Posted February 25, 2011
I guess when we started reading Couples Who Pray, I expected something else. More Bible verses, more concrete suggestions. It's more theory and sales (selling you on the idea of prayer) than it is a Bible study or devotional book.
The book starts out with a somewhat lengthy introduction of the (mostly famous) couples who were the original "testers" of the program. The next chapter talks about how praying together improves relationships and actually gives statistics from research. For example, we learn that 92% of couples who pray together rate their marriage as "very good" versus the 76% from the no prayer group.
The authors make reference in the book to the "40 Day Prayer Challenge," but unlike other books with similar programs, the 40 Day Challenge isn't gone over in great detail. They give you the basics for the 40 Day Challenge, which are things like "Make time to pray," "Pray out loud with your spouse," and "Keep it short."
Reading what was my favorite chapter, "Six Steps to a Healthy Marriage," I realized that our marriage probably works so well because Tim and I have the things listed, at least most of the time. They give the acronymn LAUGHS- for Laughter, Appreciation, Understanding, God, Honor and Support. I think a big part of the reason that we've been married for almost ten years is that we do laugh together, appreciate each other and do those other things.
As far as the challenge goes, we have not embarked on the 40 Days. For the past couple of years, we've had the evening routine of Tim reading the Bible to the family before bed and us all praying together. We did pray together when we were reading the book, and we might do so more in the future, but we'll probably stick with our old routine.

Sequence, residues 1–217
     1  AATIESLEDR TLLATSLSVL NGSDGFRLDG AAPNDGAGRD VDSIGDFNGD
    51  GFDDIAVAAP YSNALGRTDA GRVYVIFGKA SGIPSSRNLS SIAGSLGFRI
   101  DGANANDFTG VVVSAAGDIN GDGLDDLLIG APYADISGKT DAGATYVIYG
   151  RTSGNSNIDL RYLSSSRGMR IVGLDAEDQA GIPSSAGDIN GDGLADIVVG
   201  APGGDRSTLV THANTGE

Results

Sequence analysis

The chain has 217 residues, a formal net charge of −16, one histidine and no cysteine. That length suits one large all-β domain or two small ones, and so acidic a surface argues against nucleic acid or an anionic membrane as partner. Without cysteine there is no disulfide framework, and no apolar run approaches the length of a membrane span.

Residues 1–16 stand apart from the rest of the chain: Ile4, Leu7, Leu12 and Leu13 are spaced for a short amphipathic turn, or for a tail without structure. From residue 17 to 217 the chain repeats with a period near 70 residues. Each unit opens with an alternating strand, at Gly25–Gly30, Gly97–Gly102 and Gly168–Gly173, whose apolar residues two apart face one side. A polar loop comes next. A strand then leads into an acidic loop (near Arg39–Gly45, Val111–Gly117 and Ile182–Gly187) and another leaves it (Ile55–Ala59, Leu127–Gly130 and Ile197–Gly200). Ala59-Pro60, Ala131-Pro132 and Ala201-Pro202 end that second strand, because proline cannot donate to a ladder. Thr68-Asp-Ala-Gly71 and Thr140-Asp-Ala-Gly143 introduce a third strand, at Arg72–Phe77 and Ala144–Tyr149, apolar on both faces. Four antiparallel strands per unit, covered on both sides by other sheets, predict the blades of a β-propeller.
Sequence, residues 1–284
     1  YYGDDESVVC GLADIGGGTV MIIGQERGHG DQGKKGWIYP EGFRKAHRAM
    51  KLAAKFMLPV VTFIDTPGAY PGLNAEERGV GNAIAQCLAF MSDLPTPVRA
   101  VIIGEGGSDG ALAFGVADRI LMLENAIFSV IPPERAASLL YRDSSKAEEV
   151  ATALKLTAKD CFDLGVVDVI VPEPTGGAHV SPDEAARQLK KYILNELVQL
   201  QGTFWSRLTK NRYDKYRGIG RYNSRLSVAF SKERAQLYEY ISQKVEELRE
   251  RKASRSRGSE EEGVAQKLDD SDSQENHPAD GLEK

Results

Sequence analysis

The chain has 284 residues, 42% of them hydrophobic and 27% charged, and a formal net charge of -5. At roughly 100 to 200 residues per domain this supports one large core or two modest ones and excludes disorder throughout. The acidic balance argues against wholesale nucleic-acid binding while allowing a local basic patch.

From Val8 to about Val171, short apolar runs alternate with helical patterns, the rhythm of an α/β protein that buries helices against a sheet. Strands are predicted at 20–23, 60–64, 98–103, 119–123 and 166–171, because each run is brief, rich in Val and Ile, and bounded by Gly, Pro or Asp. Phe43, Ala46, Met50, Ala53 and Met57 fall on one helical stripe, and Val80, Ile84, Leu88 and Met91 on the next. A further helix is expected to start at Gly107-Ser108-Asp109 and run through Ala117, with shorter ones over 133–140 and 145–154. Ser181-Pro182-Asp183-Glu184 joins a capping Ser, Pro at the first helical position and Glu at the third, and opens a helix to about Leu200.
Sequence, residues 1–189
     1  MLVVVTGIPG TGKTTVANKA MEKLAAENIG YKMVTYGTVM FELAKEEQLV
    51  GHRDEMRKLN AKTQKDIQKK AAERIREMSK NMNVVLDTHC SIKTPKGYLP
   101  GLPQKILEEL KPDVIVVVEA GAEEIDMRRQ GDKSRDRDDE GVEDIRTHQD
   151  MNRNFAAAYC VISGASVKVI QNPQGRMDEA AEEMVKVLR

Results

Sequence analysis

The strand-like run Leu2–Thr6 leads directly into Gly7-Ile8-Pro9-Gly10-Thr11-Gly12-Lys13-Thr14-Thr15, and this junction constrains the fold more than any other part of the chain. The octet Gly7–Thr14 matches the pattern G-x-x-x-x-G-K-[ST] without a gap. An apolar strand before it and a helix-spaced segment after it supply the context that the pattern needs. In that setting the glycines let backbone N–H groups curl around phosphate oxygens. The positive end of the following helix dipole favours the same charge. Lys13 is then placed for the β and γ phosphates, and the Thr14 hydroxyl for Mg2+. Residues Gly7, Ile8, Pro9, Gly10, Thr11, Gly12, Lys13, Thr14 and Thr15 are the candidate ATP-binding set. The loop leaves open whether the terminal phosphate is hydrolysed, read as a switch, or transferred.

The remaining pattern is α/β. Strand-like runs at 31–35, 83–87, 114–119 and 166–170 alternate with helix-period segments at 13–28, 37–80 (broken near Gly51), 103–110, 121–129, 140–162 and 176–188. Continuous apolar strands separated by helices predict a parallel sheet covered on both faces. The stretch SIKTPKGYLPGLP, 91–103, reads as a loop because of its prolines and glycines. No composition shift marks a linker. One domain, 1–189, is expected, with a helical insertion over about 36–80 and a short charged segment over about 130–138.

Posted February 20, 2011
Couples Who Pray by SQuire Rushnell and Louise Duart is a book about praying together as a couple and the benefits praying together can have on a marriage. The authors call prayer the most intimate act between a man and a woman. Together they present many facts on the benefits prayer can have on lovemaking and communication between a couple. In my opinion the book is well written and their points are well supported but they could have used couples that are easier to identify with. I had trouble identifying because most of the couples were celebritie couples. I do think they do a good job going over how prayer can help you with the most common problems anybody single and married face day to day. They really show how prayer can be the most intimate act. I would reccomend this book to any couple who wants to strengthen their marriage and grow closer to Christ through praying together. I received this book free from the publisher through the BookSneeze®.com book review bloggers program. I was not required to write a positive review. The opinions I have expressed are my own. I am disclosing this in accordance with the Federal Trade Commission's 16 CFR, Part 255Was this review helpful? Yes NoThank you for your feedback. Report this reviewThank you, this review has been flagged.
Posted February 16, 2011
SQuire Rushnell and Louise DuArt, a husband and wife team who co-hosted Everything I Know About Wreaking Relationships...I Learned in My Last Marriage, bring you this quick and easy read on the impact of prayer on marriage. The challenge: commit to at least 5 minutes in prayer with your spouse each day for 40 days. The goal: to change your marriage! Included in this book are the research to support the impact of prayer on marriage, steps to begin the process, and stories from real couples who have completed the 40 day journey.
Anxious to begin our own prayer journey, I devoured this book in a mere three days. The research portion was informative yet interesting. Stories from couples who had already begun the journey were sometimes funny, often emotional, and always heartfelt. The authors broke down the journey into easily implementable steps. My favorite part was the scripture provided to encourage you throughout the book and throughout the prayer challenge. I had never thought about prayer with my husband as being, "The most intimate act between a man and a woman," but, truly, it is. What could be more intimate than baring your soul to your Savior and Creator in the presence of the person He created just for you? The first person I am passing this book on to is my husband, because I would like him to read it before we begin the prayer challenge together. Beyond that, I would recommend it to every married couple I know. I am excited to see the impact on our own marriage as well as that of our friends and family.